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When we get a car on test, two things are absolute – we get them for seven days and maintain a restricted milage limit. In the case of the all-new Acura Integra, I received special permission to go above and beyond our allotted restriction and put over 2,300 miles for a road trip to partake in the 17th annual National Acura Legend Meet, this year located in Wichita, Kansas.

Driving a vehicle 2,300 miles, you learn a lot.; what you like, dislike, its quirks and disparity. First things first, calling the Integra a hatchback is like calling these new sloping roofed SUV’s a coupe – just because it has a fifth door to access the trunk does not necessarily make it a hatchback, so calm yourself Volkswagen GTI, you still hold the crown of the hot hatches. This slight personality disorder does not however impact its design, the Integra is quite the charmer from any given angle with slight design ques brought in from previous generations to keep the heritage alive, like the embossed Integra logo on the front bumper worn like eye shadow under the left headlight.

My example arrived as the crème of the crop sporting the A Spec badging and a six-speed manual transmission. Oddly enough, Acura reverse the order of things when it comes to spec-ing the Integra, in a normal world, the manual option is seen as an entry level point and one must pay extra for the automatic. Not in Acura’s world. To get the six-speed manual, one must get the A Spec with the Technology Package, which makes it the most expensive Integra one can buy at $36,895. And since I was about to showcase this new Acura product to a numerous Acura driving enthusiasts with six-speed manual Legends, the Integra A Spec seemed fitting for this occasion.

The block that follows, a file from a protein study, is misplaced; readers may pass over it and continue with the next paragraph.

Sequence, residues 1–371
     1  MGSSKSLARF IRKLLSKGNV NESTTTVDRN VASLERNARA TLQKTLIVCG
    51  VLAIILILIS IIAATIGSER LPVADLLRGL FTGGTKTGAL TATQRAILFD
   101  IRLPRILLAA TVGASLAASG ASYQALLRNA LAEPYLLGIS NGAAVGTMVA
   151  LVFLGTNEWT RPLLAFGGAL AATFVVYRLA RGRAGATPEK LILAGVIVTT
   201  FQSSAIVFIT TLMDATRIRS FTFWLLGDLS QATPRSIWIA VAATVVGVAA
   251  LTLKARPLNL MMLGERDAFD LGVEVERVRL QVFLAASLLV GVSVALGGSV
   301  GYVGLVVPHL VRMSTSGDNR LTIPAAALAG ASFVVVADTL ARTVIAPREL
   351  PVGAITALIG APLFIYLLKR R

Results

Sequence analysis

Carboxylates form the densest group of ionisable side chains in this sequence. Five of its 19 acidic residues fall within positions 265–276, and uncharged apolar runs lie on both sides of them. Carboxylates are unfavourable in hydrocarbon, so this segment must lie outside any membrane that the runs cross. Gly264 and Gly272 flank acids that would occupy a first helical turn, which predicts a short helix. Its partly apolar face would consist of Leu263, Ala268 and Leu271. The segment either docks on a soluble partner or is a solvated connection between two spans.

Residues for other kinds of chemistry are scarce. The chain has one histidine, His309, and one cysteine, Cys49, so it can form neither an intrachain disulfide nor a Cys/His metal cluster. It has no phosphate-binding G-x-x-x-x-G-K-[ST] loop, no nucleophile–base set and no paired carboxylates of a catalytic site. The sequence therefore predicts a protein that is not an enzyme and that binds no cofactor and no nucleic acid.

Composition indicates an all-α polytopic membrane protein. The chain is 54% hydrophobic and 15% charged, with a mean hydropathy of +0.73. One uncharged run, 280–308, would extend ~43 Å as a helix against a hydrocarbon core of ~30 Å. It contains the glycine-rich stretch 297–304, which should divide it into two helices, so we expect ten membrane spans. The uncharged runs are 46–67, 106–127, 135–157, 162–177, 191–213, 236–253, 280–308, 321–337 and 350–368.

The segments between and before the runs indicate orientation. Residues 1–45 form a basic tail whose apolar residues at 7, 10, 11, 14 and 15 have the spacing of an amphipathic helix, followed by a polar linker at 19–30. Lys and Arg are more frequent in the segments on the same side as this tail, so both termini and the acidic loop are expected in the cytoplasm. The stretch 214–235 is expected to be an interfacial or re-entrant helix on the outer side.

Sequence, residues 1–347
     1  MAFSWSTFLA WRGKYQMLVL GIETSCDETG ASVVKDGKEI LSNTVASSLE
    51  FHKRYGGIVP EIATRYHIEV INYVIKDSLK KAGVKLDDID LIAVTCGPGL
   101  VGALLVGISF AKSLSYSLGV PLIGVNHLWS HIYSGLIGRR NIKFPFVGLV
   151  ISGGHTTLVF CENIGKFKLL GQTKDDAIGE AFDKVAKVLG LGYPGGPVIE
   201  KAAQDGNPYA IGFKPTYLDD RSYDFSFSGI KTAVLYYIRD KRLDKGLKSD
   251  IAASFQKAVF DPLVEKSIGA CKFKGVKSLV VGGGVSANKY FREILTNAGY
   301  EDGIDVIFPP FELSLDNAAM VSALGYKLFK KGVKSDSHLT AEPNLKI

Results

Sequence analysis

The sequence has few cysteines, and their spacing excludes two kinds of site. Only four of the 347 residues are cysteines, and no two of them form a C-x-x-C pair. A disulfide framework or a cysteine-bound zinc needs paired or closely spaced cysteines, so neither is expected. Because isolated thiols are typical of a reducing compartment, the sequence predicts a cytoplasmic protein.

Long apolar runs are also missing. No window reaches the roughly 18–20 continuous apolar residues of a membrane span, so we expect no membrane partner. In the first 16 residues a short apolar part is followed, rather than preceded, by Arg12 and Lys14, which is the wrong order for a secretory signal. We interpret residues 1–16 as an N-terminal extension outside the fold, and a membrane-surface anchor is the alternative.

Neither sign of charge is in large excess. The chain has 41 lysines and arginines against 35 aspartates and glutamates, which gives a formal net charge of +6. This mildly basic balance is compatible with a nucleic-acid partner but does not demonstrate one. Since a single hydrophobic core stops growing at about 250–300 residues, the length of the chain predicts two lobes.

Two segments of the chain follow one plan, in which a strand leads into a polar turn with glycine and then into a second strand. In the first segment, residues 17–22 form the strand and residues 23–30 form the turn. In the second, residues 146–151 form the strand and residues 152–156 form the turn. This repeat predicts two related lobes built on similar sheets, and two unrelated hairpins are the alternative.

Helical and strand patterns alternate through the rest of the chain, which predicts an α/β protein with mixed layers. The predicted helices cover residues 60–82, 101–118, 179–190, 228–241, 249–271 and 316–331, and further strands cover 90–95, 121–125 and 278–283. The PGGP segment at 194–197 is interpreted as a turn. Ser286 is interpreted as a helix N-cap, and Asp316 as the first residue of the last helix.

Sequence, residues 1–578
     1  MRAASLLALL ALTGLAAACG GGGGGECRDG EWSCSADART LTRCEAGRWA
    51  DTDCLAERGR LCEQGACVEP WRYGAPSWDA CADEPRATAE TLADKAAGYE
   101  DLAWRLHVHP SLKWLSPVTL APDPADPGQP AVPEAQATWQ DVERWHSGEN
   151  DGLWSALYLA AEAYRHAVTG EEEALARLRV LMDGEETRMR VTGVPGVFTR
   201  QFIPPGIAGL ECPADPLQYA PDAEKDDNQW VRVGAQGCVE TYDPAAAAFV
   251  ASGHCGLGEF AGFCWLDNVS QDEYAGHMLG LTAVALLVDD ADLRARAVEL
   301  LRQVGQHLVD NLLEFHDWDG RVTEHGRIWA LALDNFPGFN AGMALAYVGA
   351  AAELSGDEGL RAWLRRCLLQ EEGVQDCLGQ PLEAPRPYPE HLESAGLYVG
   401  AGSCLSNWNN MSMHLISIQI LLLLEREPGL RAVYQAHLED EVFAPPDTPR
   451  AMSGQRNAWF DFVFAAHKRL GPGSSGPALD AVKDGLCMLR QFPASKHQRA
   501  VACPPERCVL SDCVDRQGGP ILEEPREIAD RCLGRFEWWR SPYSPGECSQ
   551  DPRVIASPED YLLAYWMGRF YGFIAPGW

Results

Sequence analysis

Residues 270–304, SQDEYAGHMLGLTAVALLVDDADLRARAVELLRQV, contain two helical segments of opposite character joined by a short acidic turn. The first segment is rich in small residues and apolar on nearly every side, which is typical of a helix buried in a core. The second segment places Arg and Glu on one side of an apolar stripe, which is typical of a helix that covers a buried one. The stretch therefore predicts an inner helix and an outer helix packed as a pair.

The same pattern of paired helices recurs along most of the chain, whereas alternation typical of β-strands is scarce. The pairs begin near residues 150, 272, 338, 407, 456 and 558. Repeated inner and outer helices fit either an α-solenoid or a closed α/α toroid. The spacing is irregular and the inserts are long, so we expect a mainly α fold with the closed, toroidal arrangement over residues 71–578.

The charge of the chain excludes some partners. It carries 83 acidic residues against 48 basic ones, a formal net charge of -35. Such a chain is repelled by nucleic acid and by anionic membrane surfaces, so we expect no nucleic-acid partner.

By the time you read this article, you will most likely have read or watched every video there is and will already know more than I, so then you know, when we peel back the layers of onions underneath, what we have is a Honda Civic Si and Hatchback in drag. It uses the same platform as the all-new generation Honda Civic Si including its 1.5-liter turbocharged 4-cylinder engine producing 200-horsepower and 192 lbs-ft of torque that boosts 0-60mph in about 7.0-seconds. However, through some clever tunning from the Acura division the Integra has a little more umph in its software department, slightly different suspension tunning configuration and transmission setup. Unfortunately for the Integra, it comes featured with a single-speed continuous variable transmission, CVT, blah. But I cannot judge too harshly, I have not driven the CVT. Added benefits to the Tech Package includes adaptive dampers which is not featured on the Civic Si that help give the Integra a more comfortable, balanced ride when driving in Comfort/Normal drive modes. Pop the mode into Sport and we get a more Si lively experience. Sport mode also retunes the clutches disposition making it tighter on the inputs and quicker entry points into each gear, plus we cannot forget the rev-matching feature that has us giggle like cheerleaders at homecoming after hearing the exhaust do its little gurgle.